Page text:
Rubik's cube, 1982


We got the kids Rubik’s cubes for the fifth night of Hanukkah. And when I say “we got the kids,” you can feel free to substitute “Susan got,” because that’s kind of the truth.

I haven’t had a Rubik’s cube since fifth grade, where I cycled through several of them, although I never had a real one, only shoddy imitation cubes in pastel colours and teeny tiny keychain versions. Still, I did a good job with what I had. At some point, I acquired this book,

simple solution to the Rubiks cube

which I read carefully and followed faithfully and eventually memorized. And then I got to the point where I could solve the cube in under a couple of minutes. Like many other kids in my fifth grade class, I was obsessed. We used to sneak our cubes into class and fiddle with them underneath our desks — just as how, today, I imagine kids must try to sneak iPods or DSes or whatever it is those crazy youngsters play with these days. Our fifth-grade teacher banned them during classroom hours, and once I remember doing just a little bit of shit-disturbing and miming the cube-solving motions underneath my desk, so that I could hold up my empty hands when she called me on it. I’m sorry for that, Mrs. Disend.

Today, all I can remember is how to solve the top two rows of the cube. I can’t think about it. I just have to surrender to muscle memory and the formulae I committed to heart, that carved a new groove into my brain — L-minus R-plus F-plus-plus L-plus R-minus-B2; L-minus R-plus F-plus-plus L-plus R-minus with its own particular singsongy chant — and feel my decades-older fingers manipulating the surfaces. But they are still the same fingers.

The bottom third of the cube still eludes me. But not for long! [Cue evil laughter] Because this is now and not 1982, I went on the Internet last night and Googled The Simple Solution to the Rubik’s Cube. It’s long out of print, but copies still float around, and one of them will be mine soon. It may come from Minnesota, or from the UK: we’ll see. (If you have one you’re willing to part with, by the way, let me know.) I thought briefly about ordering a different book, something easily available on Amazon, but then I realized that I don’t want to learn a new language. I want to reanimate something that already exists inside me, reactivate the neural pathways created so long ago. I wonder what else will come up once I manage to access my muscle memories from 1982: fifth grade, just a bit older than Rowan is now. I don’t mean to get all woo-woo here, but it seems highly likely that memories and emotions were forged into the same tissues as movement. Ask any body therapist — they’ll tell you I’m onto something.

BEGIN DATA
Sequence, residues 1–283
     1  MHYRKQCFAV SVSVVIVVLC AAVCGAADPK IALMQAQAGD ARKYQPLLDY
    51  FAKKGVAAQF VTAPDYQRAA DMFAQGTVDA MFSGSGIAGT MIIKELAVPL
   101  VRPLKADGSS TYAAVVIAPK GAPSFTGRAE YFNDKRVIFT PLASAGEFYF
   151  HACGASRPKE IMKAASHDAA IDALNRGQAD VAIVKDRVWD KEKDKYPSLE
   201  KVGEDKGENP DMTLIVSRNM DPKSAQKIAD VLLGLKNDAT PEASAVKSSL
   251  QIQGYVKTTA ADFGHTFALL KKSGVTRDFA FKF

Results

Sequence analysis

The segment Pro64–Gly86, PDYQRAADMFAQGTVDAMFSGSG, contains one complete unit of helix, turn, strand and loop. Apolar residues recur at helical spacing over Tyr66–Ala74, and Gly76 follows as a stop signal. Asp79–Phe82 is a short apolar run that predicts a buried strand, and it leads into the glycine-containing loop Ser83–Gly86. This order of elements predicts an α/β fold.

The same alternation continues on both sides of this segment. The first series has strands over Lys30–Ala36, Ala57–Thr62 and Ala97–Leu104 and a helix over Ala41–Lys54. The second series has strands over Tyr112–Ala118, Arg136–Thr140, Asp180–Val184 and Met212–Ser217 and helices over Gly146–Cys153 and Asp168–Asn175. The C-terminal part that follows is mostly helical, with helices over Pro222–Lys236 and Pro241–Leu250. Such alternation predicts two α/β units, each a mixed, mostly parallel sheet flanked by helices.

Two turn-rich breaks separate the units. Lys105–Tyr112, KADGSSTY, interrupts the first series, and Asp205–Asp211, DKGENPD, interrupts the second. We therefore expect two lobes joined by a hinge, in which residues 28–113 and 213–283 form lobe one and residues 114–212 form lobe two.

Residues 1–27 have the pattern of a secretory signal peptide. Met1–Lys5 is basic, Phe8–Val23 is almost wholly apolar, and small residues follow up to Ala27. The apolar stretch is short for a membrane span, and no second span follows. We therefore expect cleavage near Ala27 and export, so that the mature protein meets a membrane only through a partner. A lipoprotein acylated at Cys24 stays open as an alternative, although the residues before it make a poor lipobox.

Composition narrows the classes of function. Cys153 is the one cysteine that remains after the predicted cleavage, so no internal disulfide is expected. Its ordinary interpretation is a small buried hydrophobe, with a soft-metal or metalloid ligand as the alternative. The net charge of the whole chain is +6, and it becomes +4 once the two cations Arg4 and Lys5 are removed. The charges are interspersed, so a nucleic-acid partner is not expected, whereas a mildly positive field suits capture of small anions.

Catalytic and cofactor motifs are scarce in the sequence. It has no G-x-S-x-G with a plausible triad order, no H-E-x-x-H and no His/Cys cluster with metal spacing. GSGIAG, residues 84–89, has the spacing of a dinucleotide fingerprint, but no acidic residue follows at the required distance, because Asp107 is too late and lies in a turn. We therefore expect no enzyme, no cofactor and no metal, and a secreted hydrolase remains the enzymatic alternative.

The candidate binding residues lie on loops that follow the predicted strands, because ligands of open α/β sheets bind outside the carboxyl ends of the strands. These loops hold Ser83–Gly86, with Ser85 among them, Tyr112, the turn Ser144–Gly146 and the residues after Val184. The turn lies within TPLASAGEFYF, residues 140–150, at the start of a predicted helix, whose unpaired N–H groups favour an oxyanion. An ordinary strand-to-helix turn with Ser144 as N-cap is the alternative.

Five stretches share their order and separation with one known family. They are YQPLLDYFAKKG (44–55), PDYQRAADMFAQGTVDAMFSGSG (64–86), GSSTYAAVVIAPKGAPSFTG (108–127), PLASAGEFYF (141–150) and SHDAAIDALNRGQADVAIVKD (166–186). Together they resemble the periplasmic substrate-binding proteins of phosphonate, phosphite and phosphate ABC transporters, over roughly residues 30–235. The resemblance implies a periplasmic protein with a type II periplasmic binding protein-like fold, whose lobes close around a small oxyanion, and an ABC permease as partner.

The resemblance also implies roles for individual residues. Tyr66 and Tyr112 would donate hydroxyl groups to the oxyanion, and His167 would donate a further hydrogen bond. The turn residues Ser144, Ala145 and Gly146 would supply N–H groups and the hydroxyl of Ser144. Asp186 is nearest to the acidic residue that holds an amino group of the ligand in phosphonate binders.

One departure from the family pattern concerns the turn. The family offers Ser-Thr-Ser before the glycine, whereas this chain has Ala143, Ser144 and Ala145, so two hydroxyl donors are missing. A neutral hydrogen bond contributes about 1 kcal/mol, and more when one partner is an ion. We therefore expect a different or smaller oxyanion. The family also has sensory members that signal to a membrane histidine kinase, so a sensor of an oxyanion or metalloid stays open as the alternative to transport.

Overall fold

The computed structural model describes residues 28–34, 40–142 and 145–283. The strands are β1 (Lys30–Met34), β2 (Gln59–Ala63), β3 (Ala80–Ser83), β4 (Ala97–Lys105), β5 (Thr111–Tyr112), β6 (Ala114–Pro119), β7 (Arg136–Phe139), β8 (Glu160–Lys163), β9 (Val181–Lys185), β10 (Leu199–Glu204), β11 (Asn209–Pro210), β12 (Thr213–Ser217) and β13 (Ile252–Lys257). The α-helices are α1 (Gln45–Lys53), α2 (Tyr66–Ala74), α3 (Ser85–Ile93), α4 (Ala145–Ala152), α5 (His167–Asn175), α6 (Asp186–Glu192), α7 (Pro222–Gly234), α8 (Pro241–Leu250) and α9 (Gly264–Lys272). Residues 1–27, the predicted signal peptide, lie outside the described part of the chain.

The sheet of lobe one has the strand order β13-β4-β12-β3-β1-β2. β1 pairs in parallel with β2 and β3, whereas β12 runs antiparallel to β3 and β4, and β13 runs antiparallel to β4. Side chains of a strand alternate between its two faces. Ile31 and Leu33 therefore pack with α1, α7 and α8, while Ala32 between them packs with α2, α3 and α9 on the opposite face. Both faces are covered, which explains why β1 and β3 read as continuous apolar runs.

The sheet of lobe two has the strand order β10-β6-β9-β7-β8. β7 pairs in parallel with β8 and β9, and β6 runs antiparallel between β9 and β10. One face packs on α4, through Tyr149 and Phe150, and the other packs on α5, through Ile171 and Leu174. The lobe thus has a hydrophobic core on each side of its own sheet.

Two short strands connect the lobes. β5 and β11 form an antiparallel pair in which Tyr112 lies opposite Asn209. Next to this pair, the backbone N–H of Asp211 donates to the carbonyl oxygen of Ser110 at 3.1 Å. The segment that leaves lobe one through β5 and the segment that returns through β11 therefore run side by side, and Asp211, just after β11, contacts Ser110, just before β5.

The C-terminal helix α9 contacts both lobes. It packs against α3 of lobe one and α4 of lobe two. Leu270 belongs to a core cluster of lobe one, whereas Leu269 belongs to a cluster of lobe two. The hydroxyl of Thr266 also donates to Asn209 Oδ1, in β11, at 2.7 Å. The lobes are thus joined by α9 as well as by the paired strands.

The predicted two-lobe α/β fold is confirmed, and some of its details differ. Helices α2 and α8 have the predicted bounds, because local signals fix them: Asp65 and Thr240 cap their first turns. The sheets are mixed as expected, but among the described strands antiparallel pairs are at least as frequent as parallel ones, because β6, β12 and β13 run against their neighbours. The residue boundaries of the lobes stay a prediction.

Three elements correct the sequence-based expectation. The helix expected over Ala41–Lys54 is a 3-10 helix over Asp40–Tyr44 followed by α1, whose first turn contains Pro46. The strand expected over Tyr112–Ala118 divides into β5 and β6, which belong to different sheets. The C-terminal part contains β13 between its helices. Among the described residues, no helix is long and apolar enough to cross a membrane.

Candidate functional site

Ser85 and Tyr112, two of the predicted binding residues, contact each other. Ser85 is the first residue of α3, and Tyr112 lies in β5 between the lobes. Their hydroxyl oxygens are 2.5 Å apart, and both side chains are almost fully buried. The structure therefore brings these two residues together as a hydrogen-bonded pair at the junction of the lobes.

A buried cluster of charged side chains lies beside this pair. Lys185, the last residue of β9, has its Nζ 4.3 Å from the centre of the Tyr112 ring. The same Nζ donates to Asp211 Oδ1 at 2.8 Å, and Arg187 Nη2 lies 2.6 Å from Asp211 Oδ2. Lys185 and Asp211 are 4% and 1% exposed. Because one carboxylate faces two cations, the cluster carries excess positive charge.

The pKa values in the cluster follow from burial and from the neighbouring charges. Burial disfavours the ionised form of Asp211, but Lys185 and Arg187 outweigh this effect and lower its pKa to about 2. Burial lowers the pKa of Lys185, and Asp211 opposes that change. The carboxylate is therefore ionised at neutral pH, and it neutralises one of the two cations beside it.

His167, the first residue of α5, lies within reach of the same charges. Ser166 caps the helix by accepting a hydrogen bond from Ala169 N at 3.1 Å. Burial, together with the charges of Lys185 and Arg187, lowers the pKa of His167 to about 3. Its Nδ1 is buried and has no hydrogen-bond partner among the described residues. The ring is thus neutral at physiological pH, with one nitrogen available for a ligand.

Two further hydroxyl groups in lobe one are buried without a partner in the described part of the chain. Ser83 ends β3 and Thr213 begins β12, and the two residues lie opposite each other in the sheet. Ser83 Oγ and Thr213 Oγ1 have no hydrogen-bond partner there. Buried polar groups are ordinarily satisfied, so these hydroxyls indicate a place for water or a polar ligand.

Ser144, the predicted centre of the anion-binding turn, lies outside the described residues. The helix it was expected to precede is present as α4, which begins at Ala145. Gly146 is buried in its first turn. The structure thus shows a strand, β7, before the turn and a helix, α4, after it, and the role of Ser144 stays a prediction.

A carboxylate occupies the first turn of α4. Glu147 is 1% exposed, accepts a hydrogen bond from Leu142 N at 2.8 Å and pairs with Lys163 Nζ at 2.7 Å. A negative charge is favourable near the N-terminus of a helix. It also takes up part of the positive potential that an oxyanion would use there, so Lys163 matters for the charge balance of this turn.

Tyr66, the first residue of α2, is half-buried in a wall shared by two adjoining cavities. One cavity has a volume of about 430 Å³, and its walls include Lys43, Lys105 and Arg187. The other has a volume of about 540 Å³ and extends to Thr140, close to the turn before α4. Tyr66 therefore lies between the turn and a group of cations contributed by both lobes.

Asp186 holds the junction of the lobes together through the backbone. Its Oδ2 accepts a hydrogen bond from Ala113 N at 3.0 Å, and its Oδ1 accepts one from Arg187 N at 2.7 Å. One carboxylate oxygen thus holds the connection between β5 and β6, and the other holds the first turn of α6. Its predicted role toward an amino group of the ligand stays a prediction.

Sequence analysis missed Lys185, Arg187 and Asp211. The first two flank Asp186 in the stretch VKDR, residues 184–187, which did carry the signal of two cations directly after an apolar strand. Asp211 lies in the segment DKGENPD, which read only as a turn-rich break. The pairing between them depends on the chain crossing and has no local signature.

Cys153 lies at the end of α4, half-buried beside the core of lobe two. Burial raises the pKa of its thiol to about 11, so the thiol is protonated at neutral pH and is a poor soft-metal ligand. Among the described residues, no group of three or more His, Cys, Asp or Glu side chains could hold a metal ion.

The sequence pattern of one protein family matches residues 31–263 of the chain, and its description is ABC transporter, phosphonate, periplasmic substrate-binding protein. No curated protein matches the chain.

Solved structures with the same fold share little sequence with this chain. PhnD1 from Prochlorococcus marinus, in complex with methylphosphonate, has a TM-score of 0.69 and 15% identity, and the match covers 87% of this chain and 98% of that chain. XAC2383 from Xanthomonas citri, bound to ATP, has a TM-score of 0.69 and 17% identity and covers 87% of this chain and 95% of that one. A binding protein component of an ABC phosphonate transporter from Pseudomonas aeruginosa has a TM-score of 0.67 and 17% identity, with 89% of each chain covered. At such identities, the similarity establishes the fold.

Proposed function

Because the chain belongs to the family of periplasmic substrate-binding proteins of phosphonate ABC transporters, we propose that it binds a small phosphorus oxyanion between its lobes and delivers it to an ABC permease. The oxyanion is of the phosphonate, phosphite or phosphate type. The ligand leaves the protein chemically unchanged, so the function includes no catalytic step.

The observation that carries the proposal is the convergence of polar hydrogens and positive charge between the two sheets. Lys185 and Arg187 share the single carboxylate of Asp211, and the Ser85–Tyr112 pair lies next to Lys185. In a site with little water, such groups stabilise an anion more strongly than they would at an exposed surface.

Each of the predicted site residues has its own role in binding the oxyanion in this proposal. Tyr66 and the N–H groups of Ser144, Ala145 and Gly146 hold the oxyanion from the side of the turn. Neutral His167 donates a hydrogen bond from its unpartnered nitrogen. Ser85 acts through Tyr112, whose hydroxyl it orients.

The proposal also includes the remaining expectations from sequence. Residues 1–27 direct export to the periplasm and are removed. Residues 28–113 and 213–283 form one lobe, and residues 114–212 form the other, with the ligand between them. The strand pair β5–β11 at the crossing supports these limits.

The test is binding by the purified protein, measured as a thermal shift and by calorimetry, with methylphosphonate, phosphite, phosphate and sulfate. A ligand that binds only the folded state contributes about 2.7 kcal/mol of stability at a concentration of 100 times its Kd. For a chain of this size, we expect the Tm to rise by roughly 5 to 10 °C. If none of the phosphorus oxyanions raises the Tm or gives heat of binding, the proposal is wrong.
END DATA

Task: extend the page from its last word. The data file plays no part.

Also, I want Rowan — so keen on acquiring languages, mastery — to learn how to solve the cube, too, so then we can have battles and I can slay him (cf., Ms. Pac-Man), until he, inevitably, slays me.